Wellington, New Zealand
Wellington, New Zealand

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Krebs J.D.,University of Otago | Strong A.P.,Endocrine Diabetes and Research Center | Cresswell P.,Endocrine Diabetes and Research Center | Reynolds A.N.,University of Otago | And 2 more authors.
Asia Pacific Journal of Clinical Nutrition | Year: 2016

Background and Objectives: To determine the effect of a low carbohydrate diet and standard carbohydrate counting on glycaemic control, glucose excursions and daily insulin use compared with standard carbohydrate counting in participants with type 1 diabetes. Methods and Study Design: Participants (n=10) with type 1 diabetes using a basal; bolus insulin regimen, who attended a secondary care clinic, were randomly allocated (1:1) to either a standard carbohydrate counting course or the same course with added information on following a carbohydrate restricted diet (75 g per day). Participants attended visits at baseline and 12 weeks for measurements of weight, height, blood pressure, HbA1c, lipid profile and creatinine. They also completed a 3-day food diary and had 3 days of continuous subcutaneous glucose monitoring. Results: The carbohydrate restricted group had significant reductions in HbA1c (63 to 55 mmol/mol (8.9-8.2%), p < 0.05) and daily insulin use (64.4 to 44.2 units/day, p < 0.05) and non-significant reductions in body weight (83.2 to 78.0 kg). There were no changes in blood pressure, creatinine or lipid profile and all outcomes in the carbohydrate counting group were unchanged. There was no change in glycaemic variability as measured by the mean amplitude of glycaemic excursion in either group. Conclusions: A low carbohydrate diet is a feasible option for people with type 1 diabetes, and may be of benefit in reducing insulin doses and improving glycaemic control, particularly for those wishing to lose weight.


Cresswell P.,Endocrine Diabetes and Research Center | Krebs J.,University of Otago | Gilmour J.,Massey University | Hanna A.,Endocrine Diabetes and Research Center | Parry-Strong A.,Endocrine Diabetes and Research Center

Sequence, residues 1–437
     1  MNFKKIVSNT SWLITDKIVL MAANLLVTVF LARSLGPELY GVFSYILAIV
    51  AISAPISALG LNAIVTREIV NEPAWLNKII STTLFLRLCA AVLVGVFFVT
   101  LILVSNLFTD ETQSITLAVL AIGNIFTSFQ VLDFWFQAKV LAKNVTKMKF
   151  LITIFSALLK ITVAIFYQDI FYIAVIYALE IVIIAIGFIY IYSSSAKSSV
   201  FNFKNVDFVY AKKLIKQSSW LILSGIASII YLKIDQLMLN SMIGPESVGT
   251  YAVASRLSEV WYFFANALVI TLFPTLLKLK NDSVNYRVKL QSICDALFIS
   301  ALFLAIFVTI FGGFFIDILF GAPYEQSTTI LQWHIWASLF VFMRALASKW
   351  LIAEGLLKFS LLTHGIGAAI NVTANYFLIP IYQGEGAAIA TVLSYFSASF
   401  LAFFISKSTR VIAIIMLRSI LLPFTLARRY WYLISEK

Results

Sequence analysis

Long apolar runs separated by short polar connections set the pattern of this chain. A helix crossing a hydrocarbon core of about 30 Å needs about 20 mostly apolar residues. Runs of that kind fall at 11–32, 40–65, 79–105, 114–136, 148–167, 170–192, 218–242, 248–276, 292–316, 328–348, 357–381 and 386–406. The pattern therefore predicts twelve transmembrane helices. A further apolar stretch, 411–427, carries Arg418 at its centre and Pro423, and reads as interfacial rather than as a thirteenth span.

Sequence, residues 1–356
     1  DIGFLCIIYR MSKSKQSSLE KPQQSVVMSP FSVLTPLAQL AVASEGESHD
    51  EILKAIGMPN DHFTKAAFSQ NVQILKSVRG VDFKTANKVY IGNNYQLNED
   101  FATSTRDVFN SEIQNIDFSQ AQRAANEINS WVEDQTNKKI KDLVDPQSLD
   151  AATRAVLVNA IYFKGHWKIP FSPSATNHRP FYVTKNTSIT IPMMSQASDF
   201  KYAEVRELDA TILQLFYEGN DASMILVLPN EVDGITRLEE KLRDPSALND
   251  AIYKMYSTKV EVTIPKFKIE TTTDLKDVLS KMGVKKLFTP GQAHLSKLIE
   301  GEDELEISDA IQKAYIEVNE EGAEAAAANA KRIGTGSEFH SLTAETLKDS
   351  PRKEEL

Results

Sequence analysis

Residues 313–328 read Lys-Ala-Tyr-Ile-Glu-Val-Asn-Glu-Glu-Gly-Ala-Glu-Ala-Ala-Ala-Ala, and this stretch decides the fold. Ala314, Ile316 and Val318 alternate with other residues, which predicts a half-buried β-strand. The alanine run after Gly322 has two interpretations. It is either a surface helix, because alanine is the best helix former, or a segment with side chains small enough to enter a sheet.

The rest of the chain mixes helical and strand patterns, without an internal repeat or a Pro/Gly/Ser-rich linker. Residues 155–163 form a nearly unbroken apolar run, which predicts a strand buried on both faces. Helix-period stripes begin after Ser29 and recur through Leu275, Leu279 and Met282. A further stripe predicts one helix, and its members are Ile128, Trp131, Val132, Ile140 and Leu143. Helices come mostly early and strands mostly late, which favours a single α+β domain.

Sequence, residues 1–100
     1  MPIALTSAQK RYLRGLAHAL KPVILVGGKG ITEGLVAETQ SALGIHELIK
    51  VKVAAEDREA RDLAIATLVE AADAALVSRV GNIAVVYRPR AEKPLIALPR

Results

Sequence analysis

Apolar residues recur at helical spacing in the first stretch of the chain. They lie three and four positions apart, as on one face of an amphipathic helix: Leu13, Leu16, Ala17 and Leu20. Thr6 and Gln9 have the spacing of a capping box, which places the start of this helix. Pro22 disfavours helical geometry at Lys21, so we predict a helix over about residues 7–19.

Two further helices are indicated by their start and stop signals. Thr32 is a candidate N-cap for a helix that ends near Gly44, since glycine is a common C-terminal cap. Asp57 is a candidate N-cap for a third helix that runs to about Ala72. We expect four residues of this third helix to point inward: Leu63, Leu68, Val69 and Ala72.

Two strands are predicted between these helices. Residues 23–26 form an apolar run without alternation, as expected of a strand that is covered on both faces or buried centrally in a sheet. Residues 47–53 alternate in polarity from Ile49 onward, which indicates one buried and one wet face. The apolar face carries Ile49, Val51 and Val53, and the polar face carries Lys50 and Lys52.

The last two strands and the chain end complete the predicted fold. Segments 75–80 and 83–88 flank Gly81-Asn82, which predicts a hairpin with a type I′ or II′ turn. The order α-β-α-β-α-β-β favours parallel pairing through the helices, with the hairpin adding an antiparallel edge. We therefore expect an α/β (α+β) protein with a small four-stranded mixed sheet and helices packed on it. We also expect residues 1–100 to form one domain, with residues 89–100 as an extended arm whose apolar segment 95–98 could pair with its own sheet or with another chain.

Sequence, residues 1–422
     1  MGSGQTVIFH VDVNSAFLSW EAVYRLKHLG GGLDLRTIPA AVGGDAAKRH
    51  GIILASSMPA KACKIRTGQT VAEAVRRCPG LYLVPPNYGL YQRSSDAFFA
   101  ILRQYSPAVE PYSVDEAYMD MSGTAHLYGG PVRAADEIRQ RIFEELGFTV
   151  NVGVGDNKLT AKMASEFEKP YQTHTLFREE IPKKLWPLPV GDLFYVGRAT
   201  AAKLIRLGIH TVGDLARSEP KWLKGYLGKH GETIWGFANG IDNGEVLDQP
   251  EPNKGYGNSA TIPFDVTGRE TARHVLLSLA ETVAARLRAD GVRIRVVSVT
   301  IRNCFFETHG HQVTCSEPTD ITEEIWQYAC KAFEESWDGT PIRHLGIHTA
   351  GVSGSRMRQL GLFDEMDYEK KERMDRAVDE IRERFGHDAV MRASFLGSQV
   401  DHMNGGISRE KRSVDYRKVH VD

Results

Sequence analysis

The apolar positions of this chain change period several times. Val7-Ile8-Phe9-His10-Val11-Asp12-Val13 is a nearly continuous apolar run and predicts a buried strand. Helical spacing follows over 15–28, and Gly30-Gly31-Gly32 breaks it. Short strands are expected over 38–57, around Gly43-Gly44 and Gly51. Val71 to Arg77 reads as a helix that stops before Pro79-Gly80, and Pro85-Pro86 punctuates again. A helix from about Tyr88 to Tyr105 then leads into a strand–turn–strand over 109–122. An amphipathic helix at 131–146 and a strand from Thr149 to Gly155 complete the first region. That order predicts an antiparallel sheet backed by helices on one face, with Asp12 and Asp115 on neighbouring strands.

Journal of Primary Health Care | Year: 2015

INTRODUCTION: Matching carbohydrate intake with insulin dosage is recommended management for people with Type 1 diabetes. However, international interest in restricted carbohydrate diets is growing. General practitioners and practice nurses need to know how to advise people with Type 1 diabetes regarding low-carbohydrate diets. This study aimed to explore the carbohydrate counting experiences of people with Type 1 diabetes in a trial with and without a diet restricted to 75 g of carbohydrate per day. METHODS: Eight participants were interviewed by focus group or interview 12 weeks after a carbohydrate counting course with individual dietary choice or the same course with information on restricted carbohydrate eating and a daily maximum intake of 75 g of carbohydrate. Data were analysed using a qualitative thematic analysis approach. FINDINGS: Themes included the need for insulin management skills, impact of the dietary experience, and need for dietary knowledge. The restricted-carbohydrate group encountered mealtime insulin resistance and difficulty managing insulin dosages when transitioning on and off the low-carbohydrate diet. The diet impacted on mood, feelings of satiety and it was reported that food changed from being ‘a pleasure to chemistry’. Both groups described feeling empowered to manage their diabetes as a result of the carbohydrate counting course. CONCLUSION: Participants reported increased knowledge and challenging insulin management. The restricted-carbohydrate group reported mealtime insulin resistance and a strong dietary impact. Extra health professional support may be required, especially at dietary transition periods. More research is warranted into the reported mealtime insulin resistance. © 2015, Royal New Zealand College of General Practitioners. All rights reserved.

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